TALLAHASSEE, Fla. – Gov. Ron DeSantis is asking Florida state legislators to approve millions of dollars to help his office and other state agencies fight lawsuits stemming from new laws and executive orders.
According to his budget proposal, which was unveiled last week, DeSantis is seeking to increase the litigation spending for the Executive Office of the Governor from $1.6 million last year to $4 million next year.
That is an increase of 250%.
A note in the budget proposal indicates the money would come from the General Fund, and it would be used “to acquire legal representation for lawsuits related to litigation expenses. The department has legal staff and resources to handle ongoing lawsuits. However, in recent years, the department has been involved in a large number of time-sensitive, short-deadline cases, and the resources required to effectively handle the litigation duties have necessitated hiring outside counsel.”
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The governor is also asking the legislature to approve increasing the litigation budget for the Secretary of Administration Services of the State Department from $1 million this year to $5 million next year – a 400% increase.
“The Governor’s Budget Recommendation for Fiscal Year 2023-24 includes $5,000,000 in nonrecurring General Revenue for litigation expenses in order to acquire legal representation for lawsuits related to elections and other departmental litigation,” a note reads under the line item.
“I think the governor is getting sued a lot,” said News 6 Legal Analyst and UCF History Professor Dr. Jim Clark. “(The lawsuits) have cost taxpayers millions of dollars.”
News 6 counted at least 17 legal challenges the State of Florida is facing in state and federal courts related to new laws and executive orders over the last four years.
At least three lawsuits have been filed in state and federal courts challenging the governor’s decision to move migrants from Texas to Martha’s Vineyard last September.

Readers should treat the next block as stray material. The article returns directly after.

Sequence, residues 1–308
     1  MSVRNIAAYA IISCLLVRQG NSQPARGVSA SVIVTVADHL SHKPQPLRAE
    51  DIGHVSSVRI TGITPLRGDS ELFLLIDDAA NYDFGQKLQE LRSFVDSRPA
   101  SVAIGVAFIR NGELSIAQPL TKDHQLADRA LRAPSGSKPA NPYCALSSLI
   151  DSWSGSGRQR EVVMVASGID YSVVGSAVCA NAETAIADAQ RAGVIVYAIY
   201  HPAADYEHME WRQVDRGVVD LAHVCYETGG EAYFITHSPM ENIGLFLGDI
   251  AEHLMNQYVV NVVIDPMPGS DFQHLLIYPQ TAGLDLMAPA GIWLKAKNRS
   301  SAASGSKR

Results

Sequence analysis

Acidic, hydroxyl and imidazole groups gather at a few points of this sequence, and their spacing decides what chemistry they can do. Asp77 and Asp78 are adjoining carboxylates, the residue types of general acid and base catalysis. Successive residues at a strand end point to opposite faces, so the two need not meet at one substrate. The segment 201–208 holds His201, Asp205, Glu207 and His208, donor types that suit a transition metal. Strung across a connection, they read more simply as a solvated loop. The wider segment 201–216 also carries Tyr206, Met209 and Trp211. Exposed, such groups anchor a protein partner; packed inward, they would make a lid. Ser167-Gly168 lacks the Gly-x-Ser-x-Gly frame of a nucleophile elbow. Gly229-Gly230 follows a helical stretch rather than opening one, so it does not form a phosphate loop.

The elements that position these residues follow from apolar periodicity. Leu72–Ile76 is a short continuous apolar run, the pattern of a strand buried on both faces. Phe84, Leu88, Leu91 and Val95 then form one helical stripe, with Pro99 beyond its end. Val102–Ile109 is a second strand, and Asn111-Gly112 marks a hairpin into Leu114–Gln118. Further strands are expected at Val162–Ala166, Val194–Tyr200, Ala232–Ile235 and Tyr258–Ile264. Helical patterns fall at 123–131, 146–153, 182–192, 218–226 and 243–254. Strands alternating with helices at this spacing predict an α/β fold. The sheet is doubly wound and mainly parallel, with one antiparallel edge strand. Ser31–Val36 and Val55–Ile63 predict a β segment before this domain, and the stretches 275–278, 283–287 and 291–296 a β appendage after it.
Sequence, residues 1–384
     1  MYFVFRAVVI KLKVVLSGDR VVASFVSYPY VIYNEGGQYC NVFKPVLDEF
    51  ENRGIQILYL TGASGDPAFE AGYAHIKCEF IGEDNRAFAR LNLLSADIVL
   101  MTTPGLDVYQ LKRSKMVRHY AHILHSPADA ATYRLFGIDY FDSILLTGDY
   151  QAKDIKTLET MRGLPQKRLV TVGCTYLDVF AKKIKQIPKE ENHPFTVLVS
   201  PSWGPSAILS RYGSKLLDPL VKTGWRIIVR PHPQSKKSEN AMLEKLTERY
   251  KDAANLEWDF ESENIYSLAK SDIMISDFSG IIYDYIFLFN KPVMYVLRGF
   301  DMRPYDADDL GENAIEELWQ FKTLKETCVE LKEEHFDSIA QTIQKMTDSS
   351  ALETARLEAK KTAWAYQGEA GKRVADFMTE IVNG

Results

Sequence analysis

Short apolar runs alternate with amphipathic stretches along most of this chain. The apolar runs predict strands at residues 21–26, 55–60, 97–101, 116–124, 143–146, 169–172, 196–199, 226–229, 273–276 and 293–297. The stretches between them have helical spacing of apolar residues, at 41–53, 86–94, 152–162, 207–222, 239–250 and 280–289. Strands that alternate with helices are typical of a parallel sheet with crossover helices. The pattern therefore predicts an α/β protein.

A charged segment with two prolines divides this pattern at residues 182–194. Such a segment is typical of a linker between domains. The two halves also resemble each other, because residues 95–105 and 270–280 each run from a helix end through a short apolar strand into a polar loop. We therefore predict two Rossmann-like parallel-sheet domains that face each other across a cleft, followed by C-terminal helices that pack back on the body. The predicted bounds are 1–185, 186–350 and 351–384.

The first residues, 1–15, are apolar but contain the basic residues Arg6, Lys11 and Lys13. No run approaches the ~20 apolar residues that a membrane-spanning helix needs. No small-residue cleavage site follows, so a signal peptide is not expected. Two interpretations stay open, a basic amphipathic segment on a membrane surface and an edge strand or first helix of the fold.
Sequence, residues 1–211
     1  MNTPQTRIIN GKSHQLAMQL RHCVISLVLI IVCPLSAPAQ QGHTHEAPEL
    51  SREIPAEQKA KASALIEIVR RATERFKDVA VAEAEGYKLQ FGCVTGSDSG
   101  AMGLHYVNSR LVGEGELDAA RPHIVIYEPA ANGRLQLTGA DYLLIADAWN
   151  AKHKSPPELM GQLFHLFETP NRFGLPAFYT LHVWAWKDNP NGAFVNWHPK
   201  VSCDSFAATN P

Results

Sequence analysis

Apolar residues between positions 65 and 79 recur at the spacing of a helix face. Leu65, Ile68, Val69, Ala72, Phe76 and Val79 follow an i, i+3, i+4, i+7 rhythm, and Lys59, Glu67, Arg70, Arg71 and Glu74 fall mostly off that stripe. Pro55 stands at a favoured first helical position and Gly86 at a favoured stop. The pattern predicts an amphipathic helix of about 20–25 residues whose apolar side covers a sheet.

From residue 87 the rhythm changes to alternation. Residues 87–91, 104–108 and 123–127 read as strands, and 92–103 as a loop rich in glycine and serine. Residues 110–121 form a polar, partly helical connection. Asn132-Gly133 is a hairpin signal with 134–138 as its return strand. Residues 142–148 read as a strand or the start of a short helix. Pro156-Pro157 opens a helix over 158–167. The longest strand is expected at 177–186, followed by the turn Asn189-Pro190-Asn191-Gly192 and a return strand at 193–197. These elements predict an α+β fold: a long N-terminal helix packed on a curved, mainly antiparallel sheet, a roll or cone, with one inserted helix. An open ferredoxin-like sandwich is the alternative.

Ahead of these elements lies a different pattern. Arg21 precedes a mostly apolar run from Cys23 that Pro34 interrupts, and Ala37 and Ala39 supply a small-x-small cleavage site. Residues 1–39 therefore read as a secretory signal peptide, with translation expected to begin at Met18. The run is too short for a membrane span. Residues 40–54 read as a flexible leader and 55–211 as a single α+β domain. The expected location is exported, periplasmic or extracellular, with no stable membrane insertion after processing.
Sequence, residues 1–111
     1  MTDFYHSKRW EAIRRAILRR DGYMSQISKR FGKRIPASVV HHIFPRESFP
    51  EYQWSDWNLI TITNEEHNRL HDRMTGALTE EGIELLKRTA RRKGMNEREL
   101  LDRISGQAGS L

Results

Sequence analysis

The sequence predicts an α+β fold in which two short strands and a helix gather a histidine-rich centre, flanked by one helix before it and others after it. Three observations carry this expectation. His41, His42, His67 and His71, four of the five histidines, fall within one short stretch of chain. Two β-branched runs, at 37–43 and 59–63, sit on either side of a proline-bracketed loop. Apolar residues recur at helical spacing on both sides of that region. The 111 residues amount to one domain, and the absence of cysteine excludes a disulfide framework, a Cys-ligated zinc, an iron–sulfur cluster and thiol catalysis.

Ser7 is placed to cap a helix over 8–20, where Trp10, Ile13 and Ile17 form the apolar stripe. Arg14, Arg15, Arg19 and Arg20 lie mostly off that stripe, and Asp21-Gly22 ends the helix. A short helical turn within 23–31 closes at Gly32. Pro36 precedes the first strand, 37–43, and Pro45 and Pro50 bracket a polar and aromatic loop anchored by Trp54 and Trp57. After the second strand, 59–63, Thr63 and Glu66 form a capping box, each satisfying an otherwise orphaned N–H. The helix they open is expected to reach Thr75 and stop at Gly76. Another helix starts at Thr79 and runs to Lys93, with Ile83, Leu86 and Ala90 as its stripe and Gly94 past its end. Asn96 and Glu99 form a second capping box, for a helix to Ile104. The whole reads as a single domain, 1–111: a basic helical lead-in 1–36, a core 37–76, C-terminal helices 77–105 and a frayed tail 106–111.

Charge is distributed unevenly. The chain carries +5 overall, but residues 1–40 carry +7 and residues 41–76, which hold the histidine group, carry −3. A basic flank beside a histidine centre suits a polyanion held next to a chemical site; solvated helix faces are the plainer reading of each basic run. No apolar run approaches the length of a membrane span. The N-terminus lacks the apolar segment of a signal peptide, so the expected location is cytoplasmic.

At least three lawsuits challenged SB 90, which changed the election law in Florida and required voters to submit vote-by-mail requests more often, barred friends and family from dropping off ballots and eliminated some ballot drop-off locations.
At least two lawsuits challenge the state’s 15-week abortion law.
The governor’s so-called “Stop Woke Act” is being challenged, along with the so-called “Don’t say Gay” law – the Parental Rights in Education legislation.
Last year’s redistricting has also seen legal challenges.
Several lawsuits filed during the pandemic challenged decisions over mask-wearing in schools, cruise lines rules for passengers and the records being made public about the number of COVID-19 cases in the state of Florida.
Florida A&M also sued the state claiming Historically Black Colleges and Universities do not get equitable funding.
The state was also sued by a coalition of groups over the ban of Sanctuary Cities in Florida.
“I think that people don’t understand. They think that the attorney general represents the governor and represents the state in all these actions, and that’s not the case,” Clark said.
News 6 examined the state budgets of comparable states.
California legislators nearly doubled that state’s legal services revolving fund from $7 million to $12 million.
Texas, meantime, reduced its overall legal budget by 26%.
“The question is — do you expand the attorney general’s office to handle these at one-tenth of the cost, and save the taxpayers millions of dollars?” asked Clark.
News 6 contacted the governor’s office to provide additional context to his budget request and has not heard back.
The governor’s proposal will be sent to the state legislature for its approval during a session that begins in late March.
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